Six of our St Margarets year qualified for grammar schools. Two headed off to Palmerton, over at Grays. One of these, Mike Bellamy, would later end up at Westcliff, the destination for Janine Spear, Christine Payne and myself.
Westcliff High School for Boys had a first-class academic reputation. After seven years at the place, my French and Russian skills had flourished. A gift for language was soon apparent. I scored something like 95% in my first-year French exams. In 1975, my B-grade Russian was the critical A-level passport to Birmingham University.
Maths and English skills were already good when I arrived, in autumn 1968. Not sure they improved much. I grew to enjoy history in the sixth-form, especially the 1930s and World War 2. Science was never my thing, nor geography. Better teachers might have helped.
On the playing fields, I ended up trying out rugby, and even hockey, making the school first teams at times but never with my heart in it. Rugby was a wet, cold and bruising experience. The ball was stupidly shaped, and the fastest runners fared best. Cricket, by contrast, was a godsend each summer. Soccer was for the lower classes, and was not played. That broke my heart before I ever set foot in the place. One Sunday afternoon in 2001, I pulled up outside the school with the kids and looked askance at goalposts that now adorned the bottom playing field.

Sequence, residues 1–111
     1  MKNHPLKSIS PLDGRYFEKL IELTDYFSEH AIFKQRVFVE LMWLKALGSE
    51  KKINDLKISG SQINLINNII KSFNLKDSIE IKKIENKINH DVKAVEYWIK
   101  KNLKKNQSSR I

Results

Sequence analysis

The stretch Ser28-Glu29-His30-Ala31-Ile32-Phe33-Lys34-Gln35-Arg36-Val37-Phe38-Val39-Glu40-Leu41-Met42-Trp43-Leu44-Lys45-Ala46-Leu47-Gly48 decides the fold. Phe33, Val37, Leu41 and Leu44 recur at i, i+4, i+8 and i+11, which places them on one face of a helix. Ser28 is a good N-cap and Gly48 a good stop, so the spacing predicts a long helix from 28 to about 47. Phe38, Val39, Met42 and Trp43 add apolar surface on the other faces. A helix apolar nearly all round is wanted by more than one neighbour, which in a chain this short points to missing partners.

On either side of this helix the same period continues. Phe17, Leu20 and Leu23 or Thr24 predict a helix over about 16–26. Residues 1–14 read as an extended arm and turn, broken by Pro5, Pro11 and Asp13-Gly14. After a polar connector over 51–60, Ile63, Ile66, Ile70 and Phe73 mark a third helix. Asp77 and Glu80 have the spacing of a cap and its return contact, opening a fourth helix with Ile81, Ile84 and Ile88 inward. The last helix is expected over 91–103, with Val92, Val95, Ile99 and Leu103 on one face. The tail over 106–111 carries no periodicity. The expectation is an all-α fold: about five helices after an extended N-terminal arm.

I told my parents in summer 1968 that I did not want to go to Westcliff. Utterly straightforward reasons. No football and no girls. I loved females. Needed them around me, for their beauty and their kinder approach. The school was also 8 miles away, and a 30 minute bus journey. This brought all sorts of complications, from having to get up at the unbeknown time of 7.30, to having to wear a blazer and carry a briefcase that would make me an obvious target for all the scallies that populated Basildon, Benfleet and Southend. In my first few days I would discover that the buses were full of smokers, insanely puffing their poison and dropping their ashes inches deep onto the top floor of the bus.
The problem for Phyllis and Eric was the low academic prowess and reputation of Chalvedon comprehensive school at Pitsea. Most of my friends went there. Tales of dogs thrown from the top floor at Chalvedon, where my brother attended, had me rivetted and open-eyed. Football was played and boys and girls mixed. Chalvedon spawned Terry Marsh, the boxer who retired as the undefeated world light welterweight champion in 1987. During 2017 local elections, Marsh assaulted the presiding officer at a Basildon polling station, kneeing him in the groin when not allowed to take his ballot paper home.
So I can see why my parents preferred Westcliff. Phyllis carried the idea that I could become a professional of eminence and respectability. A doctor was her dream. I genuinely knew differently. Instinctively, in my gut.